Aviles knows Crawford's pain


Aviles knows Crawford's pain

Tomorrow morning, while youre stuck in traffic, hitting the snooze bar, or (more likely) feverishly hitting the refresh on this blog, Carl Crawford will be on the operating table. There, Dr. James Andrews and his team of robot surgeons will slice into the outfielders arm and officially disprove the once-unanimous theory:

Theres no way Crawfords second year in Boston can be less productive than his first.

Then, once surgery is in the books, well turn our attention to year three of the Carl Crawford Era, and a few obvious questions:

1. When will he be back in the line-up?

2. When will he be 100 percent?

3. Will he ever be 100 percent?

4. Have you ever wondered what it would be like to watch someone flush 120M down the toilet?

Early speculation ball-parked Crawfords recovery time at somewhere between 7-9 months, but in the quest for clarity, Rob Bradford sat down with a position player who knows a thing or two about coming back from Tommy John surgery: The friendly Mike Aviles.

Around 7 months I was playing in spring training games, and that was kind of rare, said Aviles, who underwent Tommy John in July of 2009. I still wasnt able to play shortstop, but I was able to play second because my throws just didnt have the extra carry that I needed.

He continued: I felt fully healed once the season started, but you could still feel as the months went on that your arm continued to get stronger. I would say right around the year mark is when I felt completely, fully, fully back to normal."

Of course, everyone's different. Then, there's the fact that Aviles is a middle infielder and Crawford's an outfielder. (The most notable outfielder I found to have had the surgery is Matt Holiday, who went under in July of 2001 and was ready for the start of the next season. But then again, that was back when he was a 21-year-old minor leaguer.)

Speaking of age, we also have to consider that Aviles had the surgery shortly after his 28th birthday, where as Crawford just turned 31. There's also the grim reality that Crawford hasn't exactly proven himself to be a quick healer during his two years in Boston.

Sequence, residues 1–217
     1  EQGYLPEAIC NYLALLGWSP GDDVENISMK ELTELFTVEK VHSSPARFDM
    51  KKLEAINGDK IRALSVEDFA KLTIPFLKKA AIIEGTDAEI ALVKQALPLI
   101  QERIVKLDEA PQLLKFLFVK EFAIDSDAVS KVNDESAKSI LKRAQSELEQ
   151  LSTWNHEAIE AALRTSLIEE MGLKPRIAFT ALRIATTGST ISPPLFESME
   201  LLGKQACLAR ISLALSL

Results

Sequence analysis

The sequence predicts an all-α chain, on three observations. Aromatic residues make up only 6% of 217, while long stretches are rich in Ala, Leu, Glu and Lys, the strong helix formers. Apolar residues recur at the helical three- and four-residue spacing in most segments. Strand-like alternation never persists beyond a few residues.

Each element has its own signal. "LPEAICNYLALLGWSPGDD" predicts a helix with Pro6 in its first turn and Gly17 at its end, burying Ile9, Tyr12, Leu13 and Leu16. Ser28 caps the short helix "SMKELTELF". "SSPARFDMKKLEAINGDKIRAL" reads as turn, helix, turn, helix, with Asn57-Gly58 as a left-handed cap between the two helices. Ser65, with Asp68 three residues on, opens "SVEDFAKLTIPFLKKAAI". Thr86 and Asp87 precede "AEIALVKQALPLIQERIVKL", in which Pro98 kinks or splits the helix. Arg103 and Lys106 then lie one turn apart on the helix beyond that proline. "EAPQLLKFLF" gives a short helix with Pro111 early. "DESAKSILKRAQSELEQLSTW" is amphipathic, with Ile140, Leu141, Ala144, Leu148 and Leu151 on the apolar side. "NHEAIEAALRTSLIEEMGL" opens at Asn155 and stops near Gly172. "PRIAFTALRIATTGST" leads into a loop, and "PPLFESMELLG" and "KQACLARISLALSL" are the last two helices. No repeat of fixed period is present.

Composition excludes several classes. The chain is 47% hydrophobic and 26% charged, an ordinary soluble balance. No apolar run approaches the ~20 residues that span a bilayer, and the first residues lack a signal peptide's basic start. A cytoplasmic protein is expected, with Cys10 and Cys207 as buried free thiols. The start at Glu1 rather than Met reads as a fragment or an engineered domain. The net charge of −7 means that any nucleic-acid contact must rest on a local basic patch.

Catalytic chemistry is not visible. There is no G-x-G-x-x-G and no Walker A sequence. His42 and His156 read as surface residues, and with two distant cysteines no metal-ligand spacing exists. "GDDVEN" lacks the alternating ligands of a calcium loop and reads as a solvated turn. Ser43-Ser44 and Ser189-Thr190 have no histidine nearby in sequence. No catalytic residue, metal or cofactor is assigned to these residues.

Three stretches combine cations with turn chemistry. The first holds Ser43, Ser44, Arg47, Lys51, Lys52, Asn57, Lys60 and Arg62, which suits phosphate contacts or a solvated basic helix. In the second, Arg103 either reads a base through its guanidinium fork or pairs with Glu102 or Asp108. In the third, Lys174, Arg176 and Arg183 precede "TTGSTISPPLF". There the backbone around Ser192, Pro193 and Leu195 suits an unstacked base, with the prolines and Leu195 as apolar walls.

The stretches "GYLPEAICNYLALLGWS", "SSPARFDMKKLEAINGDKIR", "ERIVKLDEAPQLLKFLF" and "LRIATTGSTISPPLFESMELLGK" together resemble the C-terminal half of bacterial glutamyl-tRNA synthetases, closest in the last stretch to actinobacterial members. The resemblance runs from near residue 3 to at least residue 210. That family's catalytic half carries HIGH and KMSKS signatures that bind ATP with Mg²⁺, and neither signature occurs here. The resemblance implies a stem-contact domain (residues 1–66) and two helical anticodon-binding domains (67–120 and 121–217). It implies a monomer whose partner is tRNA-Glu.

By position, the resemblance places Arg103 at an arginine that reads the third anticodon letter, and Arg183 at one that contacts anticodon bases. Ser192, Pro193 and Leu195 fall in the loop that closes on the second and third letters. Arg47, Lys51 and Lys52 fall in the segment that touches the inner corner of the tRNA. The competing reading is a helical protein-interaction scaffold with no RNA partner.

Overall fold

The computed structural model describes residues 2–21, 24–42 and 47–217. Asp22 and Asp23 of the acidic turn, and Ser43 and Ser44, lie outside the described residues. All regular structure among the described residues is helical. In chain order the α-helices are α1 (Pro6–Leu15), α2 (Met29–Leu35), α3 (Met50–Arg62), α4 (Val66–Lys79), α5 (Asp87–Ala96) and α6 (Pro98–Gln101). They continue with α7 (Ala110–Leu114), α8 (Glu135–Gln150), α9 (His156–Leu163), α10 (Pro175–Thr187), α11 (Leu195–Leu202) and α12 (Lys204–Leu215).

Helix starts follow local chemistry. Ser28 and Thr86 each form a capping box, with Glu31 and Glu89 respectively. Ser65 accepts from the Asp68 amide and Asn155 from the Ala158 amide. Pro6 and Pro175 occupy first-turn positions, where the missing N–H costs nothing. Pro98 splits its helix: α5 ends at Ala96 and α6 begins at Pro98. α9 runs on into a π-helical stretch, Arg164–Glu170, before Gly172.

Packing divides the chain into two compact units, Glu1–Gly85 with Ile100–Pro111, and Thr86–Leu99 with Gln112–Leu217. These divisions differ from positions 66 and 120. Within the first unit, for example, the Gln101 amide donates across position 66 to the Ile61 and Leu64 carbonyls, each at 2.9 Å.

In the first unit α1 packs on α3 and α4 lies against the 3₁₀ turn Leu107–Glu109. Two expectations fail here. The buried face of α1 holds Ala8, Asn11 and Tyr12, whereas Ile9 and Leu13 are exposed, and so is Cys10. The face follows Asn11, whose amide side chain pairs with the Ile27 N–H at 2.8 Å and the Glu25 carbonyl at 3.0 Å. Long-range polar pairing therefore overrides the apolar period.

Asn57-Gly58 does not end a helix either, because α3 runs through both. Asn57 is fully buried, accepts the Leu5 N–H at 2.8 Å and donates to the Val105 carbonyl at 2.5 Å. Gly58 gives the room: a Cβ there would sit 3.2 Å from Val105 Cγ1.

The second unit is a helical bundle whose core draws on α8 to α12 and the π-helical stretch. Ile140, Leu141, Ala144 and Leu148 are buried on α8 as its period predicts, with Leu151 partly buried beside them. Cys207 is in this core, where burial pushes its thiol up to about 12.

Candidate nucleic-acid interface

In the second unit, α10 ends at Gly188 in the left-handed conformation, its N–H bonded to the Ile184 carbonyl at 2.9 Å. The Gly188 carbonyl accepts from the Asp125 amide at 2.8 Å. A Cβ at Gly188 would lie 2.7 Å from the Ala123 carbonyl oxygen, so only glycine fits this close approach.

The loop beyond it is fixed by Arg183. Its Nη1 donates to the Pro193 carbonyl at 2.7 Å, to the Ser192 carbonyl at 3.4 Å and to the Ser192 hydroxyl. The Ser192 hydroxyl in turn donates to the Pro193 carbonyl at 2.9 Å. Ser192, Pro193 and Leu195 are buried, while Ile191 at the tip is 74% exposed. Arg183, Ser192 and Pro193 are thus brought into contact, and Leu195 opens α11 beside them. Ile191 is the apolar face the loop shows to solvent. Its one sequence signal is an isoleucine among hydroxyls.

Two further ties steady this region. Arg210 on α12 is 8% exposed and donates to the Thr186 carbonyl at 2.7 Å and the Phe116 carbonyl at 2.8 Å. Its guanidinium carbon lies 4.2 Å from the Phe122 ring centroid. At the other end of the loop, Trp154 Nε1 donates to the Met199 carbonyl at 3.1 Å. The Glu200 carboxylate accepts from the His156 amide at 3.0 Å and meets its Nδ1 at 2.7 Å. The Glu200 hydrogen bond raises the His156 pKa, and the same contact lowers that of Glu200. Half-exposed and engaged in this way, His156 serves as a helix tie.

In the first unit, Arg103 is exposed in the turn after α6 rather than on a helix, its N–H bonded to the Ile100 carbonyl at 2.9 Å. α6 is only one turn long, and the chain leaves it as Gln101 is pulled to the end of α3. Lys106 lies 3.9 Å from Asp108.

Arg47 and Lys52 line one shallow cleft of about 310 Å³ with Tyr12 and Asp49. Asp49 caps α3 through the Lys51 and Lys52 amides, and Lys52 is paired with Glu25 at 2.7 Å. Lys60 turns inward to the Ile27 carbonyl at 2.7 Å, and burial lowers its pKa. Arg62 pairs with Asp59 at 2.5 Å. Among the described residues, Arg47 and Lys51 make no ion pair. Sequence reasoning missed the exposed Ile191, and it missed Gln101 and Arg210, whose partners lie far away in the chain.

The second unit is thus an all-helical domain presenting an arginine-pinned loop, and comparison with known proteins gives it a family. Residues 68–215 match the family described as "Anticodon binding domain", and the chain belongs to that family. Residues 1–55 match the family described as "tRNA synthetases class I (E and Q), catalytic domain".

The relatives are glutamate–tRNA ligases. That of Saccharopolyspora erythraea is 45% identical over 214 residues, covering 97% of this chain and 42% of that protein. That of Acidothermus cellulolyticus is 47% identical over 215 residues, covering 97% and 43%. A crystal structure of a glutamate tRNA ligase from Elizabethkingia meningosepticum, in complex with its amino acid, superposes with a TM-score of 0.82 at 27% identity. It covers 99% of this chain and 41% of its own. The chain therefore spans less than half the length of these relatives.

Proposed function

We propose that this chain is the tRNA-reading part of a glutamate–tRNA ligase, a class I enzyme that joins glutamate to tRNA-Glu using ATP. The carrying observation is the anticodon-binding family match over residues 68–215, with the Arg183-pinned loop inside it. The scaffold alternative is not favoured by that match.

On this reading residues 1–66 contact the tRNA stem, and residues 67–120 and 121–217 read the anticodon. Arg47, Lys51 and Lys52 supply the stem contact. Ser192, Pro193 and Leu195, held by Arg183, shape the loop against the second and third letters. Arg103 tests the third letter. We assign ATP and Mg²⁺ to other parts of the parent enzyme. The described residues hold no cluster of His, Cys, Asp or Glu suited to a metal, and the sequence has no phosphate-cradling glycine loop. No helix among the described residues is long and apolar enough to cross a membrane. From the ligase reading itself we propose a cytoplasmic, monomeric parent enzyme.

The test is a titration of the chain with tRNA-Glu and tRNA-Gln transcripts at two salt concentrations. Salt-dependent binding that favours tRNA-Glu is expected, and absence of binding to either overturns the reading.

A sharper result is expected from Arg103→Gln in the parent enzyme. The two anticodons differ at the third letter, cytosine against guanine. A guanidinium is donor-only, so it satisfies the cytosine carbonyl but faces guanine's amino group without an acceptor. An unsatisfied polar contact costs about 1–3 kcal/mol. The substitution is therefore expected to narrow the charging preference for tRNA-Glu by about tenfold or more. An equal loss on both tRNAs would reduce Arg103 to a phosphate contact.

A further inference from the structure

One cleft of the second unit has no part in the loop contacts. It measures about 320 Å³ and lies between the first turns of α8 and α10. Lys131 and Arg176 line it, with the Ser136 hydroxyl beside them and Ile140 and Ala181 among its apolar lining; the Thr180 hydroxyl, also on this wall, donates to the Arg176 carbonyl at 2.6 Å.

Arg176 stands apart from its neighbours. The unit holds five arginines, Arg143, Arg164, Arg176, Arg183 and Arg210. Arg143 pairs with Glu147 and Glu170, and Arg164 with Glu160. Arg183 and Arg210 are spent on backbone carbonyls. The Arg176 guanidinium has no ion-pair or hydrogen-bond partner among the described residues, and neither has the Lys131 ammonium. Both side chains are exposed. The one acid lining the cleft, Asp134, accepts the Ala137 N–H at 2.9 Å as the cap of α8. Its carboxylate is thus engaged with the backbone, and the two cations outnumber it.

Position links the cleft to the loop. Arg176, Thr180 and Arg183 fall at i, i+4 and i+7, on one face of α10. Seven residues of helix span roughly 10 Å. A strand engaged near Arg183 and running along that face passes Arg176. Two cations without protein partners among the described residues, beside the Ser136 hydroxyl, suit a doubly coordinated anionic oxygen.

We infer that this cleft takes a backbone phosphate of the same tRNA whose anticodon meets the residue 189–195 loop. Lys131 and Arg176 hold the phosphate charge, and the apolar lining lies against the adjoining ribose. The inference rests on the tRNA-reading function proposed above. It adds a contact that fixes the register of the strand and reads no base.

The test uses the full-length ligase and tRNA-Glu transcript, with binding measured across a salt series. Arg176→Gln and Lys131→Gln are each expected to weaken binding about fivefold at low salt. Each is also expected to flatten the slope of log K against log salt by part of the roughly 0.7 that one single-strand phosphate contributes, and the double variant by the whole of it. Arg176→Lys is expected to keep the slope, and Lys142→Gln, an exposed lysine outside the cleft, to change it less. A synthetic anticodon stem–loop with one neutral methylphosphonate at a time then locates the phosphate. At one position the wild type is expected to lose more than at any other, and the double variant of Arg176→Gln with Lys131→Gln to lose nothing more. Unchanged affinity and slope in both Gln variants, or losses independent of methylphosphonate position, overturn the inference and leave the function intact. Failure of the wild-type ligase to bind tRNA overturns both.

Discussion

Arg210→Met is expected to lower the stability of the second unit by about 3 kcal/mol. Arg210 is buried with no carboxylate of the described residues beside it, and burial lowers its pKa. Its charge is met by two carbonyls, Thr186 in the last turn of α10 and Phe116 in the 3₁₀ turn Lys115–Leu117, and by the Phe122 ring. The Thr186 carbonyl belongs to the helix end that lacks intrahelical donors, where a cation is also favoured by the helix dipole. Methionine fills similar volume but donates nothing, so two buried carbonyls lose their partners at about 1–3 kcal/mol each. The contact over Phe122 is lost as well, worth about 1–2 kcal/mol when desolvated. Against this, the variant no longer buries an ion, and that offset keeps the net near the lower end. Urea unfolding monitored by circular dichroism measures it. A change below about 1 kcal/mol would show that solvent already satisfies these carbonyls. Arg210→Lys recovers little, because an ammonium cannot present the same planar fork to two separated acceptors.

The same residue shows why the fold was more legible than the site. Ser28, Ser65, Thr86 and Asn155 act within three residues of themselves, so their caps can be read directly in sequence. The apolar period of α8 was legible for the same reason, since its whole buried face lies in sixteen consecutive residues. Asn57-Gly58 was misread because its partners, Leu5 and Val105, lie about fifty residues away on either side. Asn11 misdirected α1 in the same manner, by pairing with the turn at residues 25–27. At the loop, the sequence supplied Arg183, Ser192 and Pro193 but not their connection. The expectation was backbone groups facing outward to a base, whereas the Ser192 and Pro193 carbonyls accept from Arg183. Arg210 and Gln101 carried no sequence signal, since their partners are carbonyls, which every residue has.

Either way, best case scenario, it seems like we'll be looking at least next August before we see Carl Crawford at his best and brightest. And to that, I'll say there's a very good chance that year three is just as unproductive as the first two.

Rich can be reached at rlevine@comcastsportsnet.com. Follow Rich on Twitter at http:twitter.comrich_levine

As expected, Red Sox send Swihart to Pawtucket

As expected, Red Sox send Swihart to Pawtucket

Blake Swihart wasn't going to win a job. Monday merely made that official.

Swihart was optioned out as the Red Sox made further cuts, sending a player who could still be the Red Sox catcher of the future -- well, one of them anyway -- to Triple-A Pawtucket, where he's expected to work on his receiving.

Swihart hit .325 in 40 Grapefruit League at-bats.

"Had a very strong camp and showed improvements defensively. Swung the bat very well," manager John Farrell told reporters in Florida.  "For the player that he is and the person that he is, you love him as a person. He's a hell of a talented player.

"He made some subtle adjustments with his setup [defensively]. That gave him a different look to pitchers on the mound. Pitchers talked positively about the look that they got from him behind the plate. I think it softened his hands somewhat to receive the ball better. And there were a number of occasions where he was able to get a pitchers' pitch called for a strike, so the presentation of the umpire was a little bit more subtle and consistent then maybe years' past."

Sandy Leon's hot hitting in 2016 earned him an automatic crack at the lead catching spot for this year. Combined with the fact that Christian Vazquez looks great defensively, went deep on Sunday and is out of options, Swihart was the obvious odd man out.

He had options, the others didn't.

Deven Marrero was also optioned to Pawtucket. Sam Travis -- who, like Swihart, could break camp with the 2018 team -- was reassigned to minor-league camp, as was catcher Dan Butler.

The Sox have 38 players left in camp, 32 from the 40-man roster.

Red Sox reliever Tyler Thornburg likely headed to disabled list

Red Sox reliever Tyler Thornburg likely headed to disabled list

Righty Tyler Thornburg seems a guarantee to join David Price on the disabled list to start the season.

Thornburg, the biggest acquisition Red Sox president of baseball operations Dave Dombrowski made for the bullpen this winter, was scratched Monday because of a spasm in his upper right trapezius — not a great sign for a pitcher who already had throwing shoulder issues this spring.

Sox manager John Farrell told reporters in Florida the spasm was “not shoulder related.”  But the trap, a large muscle along the neck and back, does extend to the shoulder blade.

Dombrowski told reporters it is most likely that Thornburg starts the year on the disabled list. More is expected to be known Tuesday, possibly after an MRI.

Robby Scott could be a replacement for Thornburg. If so, the Sox would likely have three lefties in the bullpen, along with Fernando Abad and Robbie Ross Jr.

"Possibly. Possibly," Dombrowski said of Scott. “We still have to make those decisions. But possibly.”

Dombrowski didn’t indicate a desire to go outside the organization for now.

Thornburg had barely enough time to get ready for Opening Day prior to Monday’s setback. If he indeed starts the season on the DL, Joe Kelly would be the eighth-inning reliever for the Sox — a role Kelly was headed for anyway given Thornburg’s shaky spring.

Thornburg, 28, had a 2.15 ERA last season for the Brewers. The Sox picked him up at the winter meetings in a deal that sent Travis Shaw and prospects to the Milwaukee Brewers.